Cricket: Rainbow without crock of gold

ONE-DAY CRICKET is usually held to be a chaotic matter of implausible thrills and embarrassing spills. At Edgbaston yesterday there was no shortage of those - the game ended in a frenzy of twists and turns.

However, some of the episodes of play that gave the crowd goose pimples were slower moving. The game was at its most gripping when it ground to a halt as Jacques Kallis and Lance Klusener bowled half a dozen overs for three runs in the middle of Australia's innings as they seemed to have turned the match decisively South Africa's way.

It was extremely gripping stuff, every bit as edge of the seat as a bout of slogging. As the tension mounted, each new dot ball earned a nervous cheer. The fielders were decisively placed (three men square on the off side to Steve Waugh) and the bowlers speared it in with strenuous accuracy.

When South Africa batted, it was Shane Warne's turn to slip a noose around the innings. Ripping the ball like the Warne of old, not for the first time Shane stopped play. After a smooth start, South Africa spent 10 overs scoring just 12 runs. The pressure told: Gary Kirsten and Daryll Cullinan both succumbed to frazzled nerves, Kirsten with a crazy slog against Warne, Cullinan to an equally rash quick single that never was.

In the end, however, South Africa's performance was a tribute to Bob Woolmer's careful coaching of the side. England fans may well come to regret his reluctance to take on our struggling team. Four years ago, a few months before the last World Cup, he was coaching Jonty Rhodes in the Cape Town nets, teaching him how to flick a good length ball through the leg side. "The thing about Jonty," he said, "is that he's not really a batsman, he's a hockey player. We're trying to turn him into a batsman, but I don't know if he's got time. There's a young chap called Jacques Kallis who's truly something."

He must have smiled to himself yesterday afternoon, when the pair of them came together in a crisis and put on nearly a hundred to bring South Africa within sniffing distance of victory. It was a thorough vindication of some very long-term planning.

For South Africa, there are other long-term plans afoot. Indeed there has been a lot - perhaps too much - at stake in this tournament. The players know that the new government in Pretoria is resolved to impose energetic affirmative action on its sports teams. In the next World Cup (on South African soil) half the white players in this team will probably be replaced by black South Africans. This side represented both the last hurrah of the old regime, and the last chance for many of the individuals concerned.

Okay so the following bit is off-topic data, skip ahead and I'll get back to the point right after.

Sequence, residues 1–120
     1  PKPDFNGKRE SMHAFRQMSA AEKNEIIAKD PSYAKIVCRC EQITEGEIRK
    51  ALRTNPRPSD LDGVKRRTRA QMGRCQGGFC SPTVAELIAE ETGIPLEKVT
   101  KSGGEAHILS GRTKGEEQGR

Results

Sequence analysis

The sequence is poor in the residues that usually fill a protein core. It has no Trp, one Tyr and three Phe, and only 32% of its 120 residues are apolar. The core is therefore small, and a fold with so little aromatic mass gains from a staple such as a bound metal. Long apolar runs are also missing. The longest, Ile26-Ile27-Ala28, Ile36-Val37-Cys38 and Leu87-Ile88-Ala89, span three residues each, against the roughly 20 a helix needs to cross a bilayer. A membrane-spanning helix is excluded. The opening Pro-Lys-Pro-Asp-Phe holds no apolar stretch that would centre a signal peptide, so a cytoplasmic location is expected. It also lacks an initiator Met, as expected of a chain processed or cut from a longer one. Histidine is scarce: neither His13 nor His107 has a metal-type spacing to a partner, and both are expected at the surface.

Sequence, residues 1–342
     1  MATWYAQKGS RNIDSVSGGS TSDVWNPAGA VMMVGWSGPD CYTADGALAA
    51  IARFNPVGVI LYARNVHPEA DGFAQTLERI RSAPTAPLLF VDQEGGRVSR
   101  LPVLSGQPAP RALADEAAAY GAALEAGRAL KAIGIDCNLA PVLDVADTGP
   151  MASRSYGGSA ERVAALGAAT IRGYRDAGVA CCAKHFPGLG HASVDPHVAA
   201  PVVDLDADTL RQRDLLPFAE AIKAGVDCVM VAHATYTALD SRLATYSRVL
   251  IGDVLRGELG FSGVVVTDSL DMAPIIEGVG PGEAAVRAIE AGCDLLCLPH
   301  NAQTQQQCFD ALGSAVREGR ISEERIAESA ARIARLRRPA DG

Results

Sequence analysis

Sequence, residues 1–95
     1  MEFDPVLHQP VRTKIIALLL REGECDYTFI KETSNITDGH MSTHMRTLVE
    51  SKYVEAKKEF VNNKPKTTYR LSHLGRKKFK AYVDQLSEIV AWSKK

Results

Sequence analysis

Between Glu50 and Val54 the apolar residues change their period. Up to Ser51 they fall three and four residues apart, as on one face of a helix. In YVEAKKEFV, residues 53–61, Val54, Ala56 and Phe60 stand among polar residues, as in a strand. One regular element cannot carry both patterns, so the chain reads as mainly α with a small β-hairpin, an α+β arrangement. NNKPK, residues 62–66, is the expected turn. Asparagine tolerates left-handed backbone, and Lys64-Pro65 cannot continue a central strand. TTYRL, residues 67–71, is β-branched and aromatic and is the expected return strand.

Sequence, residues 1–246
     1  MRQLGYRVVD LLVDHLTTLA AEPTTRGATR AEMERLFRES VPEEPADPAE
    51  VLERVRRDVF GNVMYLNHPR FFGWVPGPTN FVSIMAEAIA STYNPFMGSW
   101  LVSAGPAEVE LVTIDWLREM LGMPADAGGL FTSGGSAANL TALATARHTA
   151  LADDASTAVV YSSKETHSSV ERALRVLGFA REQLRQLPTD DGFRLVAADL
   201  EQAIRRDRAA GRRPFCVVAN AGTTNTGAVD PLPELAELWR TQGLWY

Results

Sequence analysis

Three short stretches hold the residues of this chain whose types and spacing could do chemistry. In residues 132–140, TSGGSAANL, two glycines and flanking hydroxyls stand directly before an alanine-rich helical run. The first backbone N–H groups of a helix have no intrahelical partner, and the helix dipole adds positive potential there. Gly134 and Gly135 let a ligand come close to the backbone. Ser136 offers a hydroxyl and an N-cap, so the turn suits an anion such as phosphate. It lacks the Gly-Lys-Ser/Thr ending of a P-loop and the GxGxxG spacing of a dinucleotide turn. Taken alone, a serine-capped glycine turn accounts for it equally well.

That, in the end, was perhaps too much pressure for anyone to shoulder. The usual saying is that in tight games it is a question of who wants to win more. Yesterday, bravely though they tried, South Africa looked like the side that feared losing more. Their batsmen scrabbled for a foothold, but kept slipping on the steep slopes of their own high hopes. All they could do was add an amazing chapter to the book of heroic failures.

Once again, as in the World Cup semi-final three years ago, Australian steeliness, tempered by the brilliance of Warne, pulled a rabbit out of the hat.

It was impossible to count the twists in the tail end of this remarkable match. Warne's final over began with Pollock being dropped in the deep. He responded with a six and a four, and the rainbow nation started whooping and hollering and polishing its crock of Johannesburg gold. The pendulum swung three times in a single over. Kallis fell to his first moment of sloppiness, and the future looked Oz; Klusener hit his first ball for four, and it looked Zulu. When Fleming yorked Pollock, it was anybody's. Suddenly, and appropriately, the game had moved far beyond anything a coach could control. It was up to the players to seize the day. Klusener won the match for South Africa, then handed it back in confusion. It was too much for almost everyone.

Suggested Topics
PROMOTED VIDEO
Have you tried new the Independent Digital Edition apps?
Arts and Entertainment
Frank Turner performing at 93 Feet East
musicReview: 93 Feet East, London
News
Toronto tops the charts across a range of indexes
news

World cities ranked in terms of safety, food security and 'liveability'

Extras
indybest
Voices
A mother and her child
voices
Voices